It is showing a summer anticyclone. We can see high pressure (pressure over 1000) and clockwise winds. Typically in this conditions the air mass is Tropical Continental – warm and dry winds from places like the Sahara. We can see no rain as in summer anticyclones we do not see much cloud formation as it is high pressure.There are light winds over England and Eastern Europe – we can see this through the knots and gap between the isobars.  However Scotland an Ireland have higher wind speeds and more cloud cover.

There is also an occluded front passing over this part of the UK – traditionally we do not see front in anticyclonic conditions- but just goes to show the weather isn’t as simple as the textbook suggests. The occluded front occluded front occurs where a warm front and a cold front meets. the means the amount of warm air that rises is larger than just a warm or cold front. This means that in that area there will be a down pour of torrential rain possibly.


What is an extreme weather event?

It is severe or unusual weather conditions e.g. hurricanes which causes severe impacts on the environment, economy and people.

So what are the risks associated with this weather system?

  1. As temperatures can become extremely high we will see many health risks of dehydration etc and this worst affects the elderly and the young.
  2. Water levels can become extremely low which means hydroelectric power and thermal power station may have to shut as the cooling process becomes impossible.This is dangerous because it is in a time when people will need Air conditioning in their homes.
  3. Once again there is a high risk of fog, which is hard to forecast, and this may cause breathing difficulties. Especially because pollution can get caught in sinking air causing smog – which is terrible for asthmatics.
  4. In extreme event ‘blocking highs’ can occur where the normal pattern of weather is diverted and we are stuck with the anticyclone for long periods of time.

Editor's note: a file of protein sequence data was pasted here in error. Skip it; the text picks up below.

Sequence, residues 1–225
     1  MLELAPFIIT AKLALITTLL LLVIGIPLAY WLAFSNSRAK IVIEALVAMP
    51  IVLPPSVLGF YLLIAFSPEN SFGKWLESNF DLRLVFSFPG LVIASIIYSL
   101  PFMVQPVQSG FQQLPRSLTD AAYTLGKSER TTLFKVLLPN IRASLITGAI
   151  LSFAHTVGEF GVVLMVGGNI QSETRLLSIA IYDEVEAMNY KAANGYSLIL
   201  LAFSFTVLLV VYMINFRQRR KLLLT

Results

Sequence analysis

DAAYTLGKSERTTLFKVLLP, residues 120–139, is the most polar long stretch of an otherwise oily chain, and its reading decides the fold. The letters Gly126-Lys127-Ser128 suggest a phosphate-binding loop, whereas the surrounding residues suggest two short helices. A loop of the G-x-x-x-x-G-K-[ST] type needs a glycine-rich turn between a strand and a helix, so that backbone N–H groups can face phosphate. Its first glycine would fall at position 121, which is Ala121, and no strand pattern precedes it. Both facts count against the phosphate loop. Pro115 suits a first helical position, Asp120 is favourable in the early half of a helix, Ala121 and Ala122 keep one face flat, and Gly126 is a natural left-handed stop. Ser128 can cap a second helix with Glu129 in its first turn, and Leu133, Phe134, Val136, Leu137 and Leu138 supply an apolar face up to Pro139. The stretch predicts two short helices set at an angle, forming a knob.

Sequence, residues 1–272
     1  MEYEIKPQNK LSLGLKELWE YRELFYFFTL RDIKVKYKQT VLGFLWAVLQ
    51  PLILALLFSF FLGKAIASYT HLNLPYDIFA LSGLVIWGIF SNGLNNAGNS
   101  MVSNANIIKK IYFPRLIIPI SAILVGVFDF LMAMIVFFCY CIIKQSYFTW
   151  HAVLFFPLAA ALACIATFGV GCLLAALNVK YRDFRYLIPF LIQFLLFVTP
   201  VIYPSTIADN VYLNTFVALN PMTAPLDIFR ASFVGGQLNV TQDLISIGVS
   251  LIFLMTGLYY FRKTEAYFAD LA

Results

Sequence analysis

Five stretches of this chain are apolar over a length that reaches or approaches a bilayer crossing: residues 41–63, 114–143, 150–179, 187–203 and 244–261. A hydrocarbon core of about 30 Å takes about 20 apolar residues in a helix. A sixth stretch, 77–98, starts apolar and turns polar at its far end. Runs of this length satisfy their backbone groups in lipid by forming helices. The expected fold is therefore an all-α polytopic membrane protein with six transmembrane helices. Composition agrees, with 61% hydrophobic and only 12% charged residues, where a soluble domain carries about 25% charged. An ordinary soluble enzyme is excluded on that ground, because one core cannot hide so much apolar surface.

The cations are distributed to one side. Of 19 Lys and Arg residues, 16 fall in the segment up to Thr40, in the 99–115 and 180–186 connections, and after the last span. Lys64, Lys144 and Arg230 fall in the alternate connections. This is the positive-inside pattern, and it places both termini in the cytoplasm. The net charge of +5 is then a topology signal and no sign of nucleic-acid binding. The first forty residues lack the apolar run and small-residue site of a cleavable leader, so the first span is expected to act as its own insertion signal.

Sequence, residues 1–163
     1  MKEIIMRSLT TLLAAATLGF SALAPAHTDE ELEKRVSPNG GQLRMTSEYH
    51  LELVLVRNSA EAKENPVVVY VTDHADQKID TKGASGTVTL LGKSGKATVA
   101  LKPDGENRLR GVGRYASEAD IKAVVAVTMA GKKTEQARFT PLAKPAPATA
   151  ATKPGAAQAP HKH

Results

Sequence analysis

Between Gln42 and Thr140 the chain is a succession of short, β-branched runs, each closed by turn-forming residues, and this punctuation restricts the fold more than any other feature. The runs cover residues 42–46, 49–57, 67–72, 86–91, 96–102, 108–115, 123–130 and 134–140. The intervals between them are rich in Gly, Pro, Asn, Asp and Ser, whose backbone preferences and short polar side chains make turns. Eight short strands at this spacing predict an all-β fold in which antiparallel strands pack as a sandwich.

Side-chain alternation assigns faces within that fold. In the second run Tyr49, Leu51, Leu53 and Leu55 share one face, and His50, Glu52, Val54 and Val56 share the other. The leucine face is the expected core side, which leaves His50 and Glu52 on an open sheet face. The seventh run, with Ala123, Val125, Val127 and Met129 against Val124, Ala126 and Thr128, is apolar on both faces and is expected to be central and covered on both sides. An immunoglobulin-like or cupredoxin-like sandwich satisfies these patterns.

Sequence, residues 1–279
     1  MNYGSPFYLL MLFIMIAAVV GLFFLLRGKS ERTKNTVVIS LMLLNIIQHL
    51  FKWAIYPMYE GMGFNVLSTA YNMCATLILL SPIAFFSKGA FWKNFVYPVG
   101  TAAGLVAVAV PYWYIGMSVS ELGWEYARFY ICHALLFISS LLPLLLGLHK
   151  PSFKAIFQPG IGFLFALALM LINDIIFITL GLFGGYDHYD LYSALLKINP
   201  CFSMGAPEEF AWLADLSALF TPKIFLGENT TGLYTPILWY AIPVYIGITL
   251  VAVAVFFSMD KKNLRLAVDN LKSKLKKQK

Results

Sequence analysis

Can a depression be classed as an extreme weather event?

Describe how the depression shown on this chart might produce extreme weather hazards.
What is an extreme weather event?
It is severe or unusual weather conditions e.g. hurricanes which cause severe impacts on the environment, people and economy.
What are the weather conditions shown in this map?

Firstly there is a depression. The pressure is below 1000mb (low pressure) and winds are blowing in an anti-clockwise direction. There is also quite a small gap between isobars showing winds are strong which fits in the model of a depression. There will be a large cloud cover as a depression is when warm air meets could air and this causes the warm air to cool resulting in precipitation. The depression has built up through cold and wet conditions in the Arctic Ocean. The Polar Maritime air mass is the main one associated with this weather system.
There is also a cold front passing through South East of England. Traditionally, in low pressure conditions we see occluded fronts forming on the actual land but even if it is close there will still be torrential rain on land. In this front the cold air advances and force the warm air to rise sharply. The result of a cold front is a rapid period of torrential rain.
So what are the risks with this condition?
    1. Firstly, temperatures can become extremely low bringing many health risks like hypothermia especially to children and the elderly.
    2. Torrential rainfall can lead to river flooding which especially with cold fronts lead to flash floods. The can cause many adverse effects  for example the Boscastle 2004 flash floods caused injuries, £2 million damage to buildings and roads and coastal pollution as debris and fuel from cars flowed out into the sea.
    3. In extreme situations could lead to a snowstorm or blizzard which as we saw in February 2009 causes disruptions and deaths.
    4. It could lead to high waves and surge may be destructive to the coast.
    5. In the case of flooding if sewage systems failed then they would be a risk of cholera and other disasters.